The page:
Advertisement

Magnetic resonance angiography of fetal vasculature at 3.0 T

Abstract

Magnetic resonance angiography has not been used much previously for visualizing fetal vessels in utero for reasons that include a contraindication for the use of exogenous contrast agents, maternal respiratory motion and fetal motion. In this work, we report the feasibility of using an appropriately modified clinical time-of-flight magnetic resonance imaging sequence for non-contrast angiography of human fetal and placental vessels at 3.0 T. Using this 2D angiography technique, it is possible to visualize fetal vascular networks in late pregnancy.

Key Points

• 3D-visualization of fetal vasculature is feasible using non-contrast MRA at 3.0 T.

• Visualization of placental vasculature is also possible with this method.

• Fetal MRA can serve as a vascular localizer for quantitative MRI studies.

• This method can be extended to 1.5 T.

This is a preview of subscription content, log in to check access.

Access options

Buy single article

Instant unlimited access to the full article PDF.

US$ 39.95

Price includes VAT for USA

Subscribe to journal

Immediate online access to all issues from 2019. Subscription will auto renew annually.

US$ 199

This is the net price. Taxes to be calculated in checkout.

Fig. 1
Fig. 2
Fig. 3
Fig. 4
Fig. 5
Fig. 6

References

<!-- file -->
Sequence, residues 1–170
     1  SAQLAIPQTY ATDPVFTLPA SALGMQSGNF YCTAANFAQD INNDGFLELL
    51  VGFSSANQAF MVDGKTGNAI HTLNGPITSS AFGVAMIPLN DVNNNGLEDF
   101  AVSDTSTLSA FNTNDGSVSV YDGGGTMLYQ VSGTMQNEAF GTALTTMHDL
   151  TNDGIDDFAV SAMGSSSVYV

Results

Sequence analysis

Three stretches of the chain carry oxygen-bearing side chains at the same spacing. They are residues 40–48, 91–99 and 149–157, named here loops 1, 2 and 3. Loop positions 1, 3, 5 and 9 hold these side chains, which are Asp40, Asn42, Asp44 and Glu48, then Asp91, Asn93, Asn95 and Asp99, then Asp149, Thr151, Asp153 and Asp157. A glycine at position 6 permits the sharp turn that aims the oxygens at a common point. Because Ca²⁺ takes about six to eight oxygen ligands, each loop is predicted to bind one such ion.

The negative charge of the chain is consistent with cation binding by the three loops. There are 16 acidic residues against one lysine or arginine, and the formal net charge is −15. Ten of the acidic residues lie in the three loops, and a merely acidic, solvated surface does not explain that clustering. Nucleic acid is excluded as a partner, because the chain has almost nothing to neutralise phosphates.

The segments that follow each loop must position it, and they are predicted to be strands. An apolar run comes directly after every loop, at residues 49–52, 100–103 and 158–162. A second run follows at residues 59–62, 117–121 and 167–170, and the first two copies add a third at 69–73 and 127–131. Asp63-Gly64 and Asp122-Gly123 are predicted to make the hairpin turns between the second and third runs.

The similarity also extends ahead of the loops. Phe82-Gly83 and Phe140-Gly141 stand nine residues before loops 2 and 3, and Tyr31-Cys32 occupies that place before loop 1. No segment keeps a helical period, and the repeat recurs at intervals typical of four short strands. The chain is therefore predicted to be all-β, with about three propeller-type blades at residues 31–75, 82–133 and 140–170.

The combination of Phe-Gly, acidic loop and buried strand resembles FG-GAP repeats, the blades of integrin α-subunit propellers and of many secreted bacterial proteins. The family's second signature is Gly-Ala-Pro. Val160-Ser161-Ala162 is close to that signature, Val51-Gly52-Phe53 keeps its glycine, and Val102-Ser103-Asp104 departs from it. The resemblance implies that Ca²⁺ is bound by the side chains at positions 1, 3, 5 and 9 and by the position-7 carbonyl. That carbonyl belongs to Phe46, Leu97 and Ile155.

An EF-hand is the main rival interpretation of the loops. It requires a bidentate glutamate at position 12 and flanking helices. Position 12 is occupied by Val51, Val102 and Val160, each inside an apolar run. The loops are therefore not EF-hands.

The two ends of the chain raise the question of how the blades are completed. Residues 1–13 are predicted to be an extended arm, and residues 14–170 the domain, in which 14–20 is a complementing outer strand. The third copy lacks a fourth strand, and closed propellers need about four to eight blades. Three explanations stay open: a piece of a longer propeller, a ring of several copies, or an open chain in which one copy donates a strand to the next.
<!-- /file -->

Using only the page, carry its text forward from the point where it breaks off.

1. 1.

    Minette MS, Sahn DJ (2006) Ventricular septal defects. Circulation 114(20):2190–2197

  2. 2.

    Savelli S et al (2009) Fetal mid-muscular ventricular septal defect: role of fetal cardio-vascular evaluation with magnetic resonance (MR) imaging and MR-angiography. Eur J Radiol Extra 69(3):e101–e103

  3. 3.

    Malian V, Lee JE (2001) MR imaging and MR angiography of an abdominal pregnancy with placental infarction. Am J Roentgenol 177(6):1305–1306

  4. 4.

    Goncalves LF et al (2004) Four-dimensional ultrasonography of the fetal heart using color Doppler spatiotemporal image correlation. J Ultrasound Med 23(4):473–481

  5. 5.

    Goncalves LF et al (2003) Four-dimensional ultrasonography of the fetal heart with spatiotemporal image correlation. Am J Obstet Gynecol 189(6):1792–1802

  6. 6.

    Yagel S et al (2007) 3D and 4D ultrasound in fetal cardiac scanning: a new look at the fetal heart. Ultrasound Obstet Gynecol 29(1):81–95

  7. 7.

    Hendler I et al (2005) Suboptimal second-trimester ultrasonographic visualization of the fetal heart in obese women should we repeat the examination? J Ultrasound Med 24(9):1205–1209

  8. 8.

    American College of Radiology (ACR); Society for Pediatric Radiology (SPR): ACR-SPR practice guideline for the safe and optimal performance of fetal magnetic resonance imaging (MRI). Revised 2015 (Resolution 11). http://www.acr.og/~/media/CB384A65345F402083639E6756CE513F.pdf

  9. 9.

    Malinger G et al (2004) Fetal brain imaging: a comparison between magnetic resonance imaging and dedicated neurosonography. Ultrasound Obstet Gynecol 23(4):333–340

  10. 10.

    Levine D (2001) Ultrasound versus magnetic resonance imaging in fetal evaluation. Top Magn Reson Imaging 12(1):25–38

  11. 11.

    Prayer D. Fetal MRI. Heidelberg: Springer; 2011. XIII, 528 p